The shepherd must explain the way to God’s people, and walk that way before them as the example of how they, too, can live for the glory of the Lord. Line upon line, precept upon precept, here a little and there a little, the shepherd must guide the Lord’s flock into their every next step of obedient service to Christ the Good and Chief Shepherd. He must point the way to follow Jesus, and to do this, the shepherd must understand the flock and its condition and circumstances. He must tell them how to follow Jesus in the home and family, at school, during the work day, in conversation with neighbors, and as they gather with other sheep. He must give them a vision of what their lives will look like as they follow the Word of God and seek His glory in all the everyday details of life.
But every flock is led not only by a highly visible, loving, communicative, confident, and faithful shepherd, who sets the pace and leads the way into the riches of the Lord’s glory; but for every shepherd leading the flock, there are sheep dogs nipping lovingly at the heels of God’s people, reminding, encouraging, exhorting, admonishing, and being present with the sheep, working among all the flock to keep them moving in the direction of God’s glory.
God’s people can live for His glory every day, and the glory of God can be refracted through them in infinite ways, lighting the world with the presence of Jesus, and leading many to see and be drawn to God through the glory they experience in the followers of Christ. But this doesn’t just happen. The shepherds of God’s flock must take as their strategy in ministry, first, to show the glory of Jesus at all times and in all facets of their lives and ministries; and, second, to lead – personally and persistently – each of the Lord’s sheep in showing the glory of God in every aspect of their lives.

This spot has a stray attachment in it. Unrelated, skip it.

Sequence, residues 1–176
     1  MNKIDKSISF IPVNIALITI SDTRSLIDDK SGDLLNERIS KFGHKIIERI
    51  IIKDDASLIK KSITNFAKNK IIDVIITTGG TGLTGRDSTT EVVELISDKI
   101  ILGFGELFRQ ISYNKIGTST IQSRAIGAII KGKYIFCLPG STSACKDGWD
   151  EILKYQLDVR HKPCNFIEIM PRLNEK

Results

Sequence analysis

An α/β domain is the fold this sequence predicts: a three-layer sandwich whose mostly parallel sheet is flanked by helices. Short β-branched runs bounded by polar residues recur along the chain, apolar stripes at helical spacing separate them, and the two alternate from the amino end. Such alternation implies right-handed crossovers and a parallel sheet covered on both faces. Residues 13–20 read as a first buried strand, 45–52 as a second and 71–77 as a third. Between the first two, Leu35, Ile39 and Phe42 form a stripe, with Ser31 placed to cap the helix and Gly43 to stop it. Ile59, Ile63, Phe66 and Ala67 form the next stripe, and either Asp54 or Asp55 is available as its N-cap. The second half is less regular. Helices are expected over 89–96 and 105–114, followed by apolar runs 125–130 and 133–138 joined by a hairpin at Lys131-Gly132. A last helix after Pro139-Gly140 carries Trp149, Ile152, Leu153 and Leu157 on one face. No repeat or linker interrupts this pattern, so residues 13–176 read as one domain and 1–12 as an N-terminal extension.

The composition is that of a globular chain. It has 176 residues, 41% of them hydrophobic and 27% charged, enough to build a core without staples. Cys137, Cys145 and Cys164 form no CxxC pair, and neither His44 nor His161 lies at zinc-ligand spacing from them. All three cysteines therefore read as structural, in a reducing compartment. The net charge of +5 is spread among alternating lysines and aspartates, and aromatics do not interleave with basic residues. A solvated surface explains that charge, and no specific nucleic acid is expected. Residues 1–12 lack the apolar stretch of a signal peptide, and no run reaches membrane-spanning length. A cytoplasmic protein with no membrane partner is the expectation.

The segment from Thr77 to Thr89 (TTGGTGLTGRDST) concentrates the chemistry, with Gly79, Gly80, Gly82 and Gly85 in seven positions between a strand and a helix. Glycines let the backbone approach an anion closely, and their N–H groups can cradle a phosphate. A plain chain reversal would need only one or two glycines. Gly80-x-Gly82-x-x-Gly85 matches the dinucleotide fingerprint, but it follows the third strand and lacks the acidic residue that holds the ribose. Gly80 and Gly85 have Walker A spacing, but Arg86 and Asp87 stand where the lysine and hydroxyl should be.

By such a strategy we may expect the Word of God to run swiftly and be glorified, to flow through the rivulets of believer’s lives into all the dry places of the world, to give the knowledge of the glory of the Lord in the face of Jesus Christ.
The goal of pastoral ministry must be that glory, and nothing else.
With this in mind, dearly beloved, let us always look forward with longing toward our everlasting joy. Let us always pray for fortitude in our temporal labors and trials. Let us offer prayers for one another. Let my prayers be offered for you, and yours for me. And, brothers, do not think that you need my prayers, but that I have no need of yours. We have mutual need of one another’s prayers, for those reciprocal prayers are enkindled by charity and—like a sacrifice offered on the altar of piety—are fragrant and pleasing to the Lord.
- Augustine (354-430 AD), Sermons 13.10
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Scripture taken from the New King James Version. © Copyright 1982 by Thomas Nelson, Inc. Used by permission. All rights reserved. Unless otherwise indicated, quotes from Church fathers are from The Ancient Christian Commentary Series (InterVarsity Press).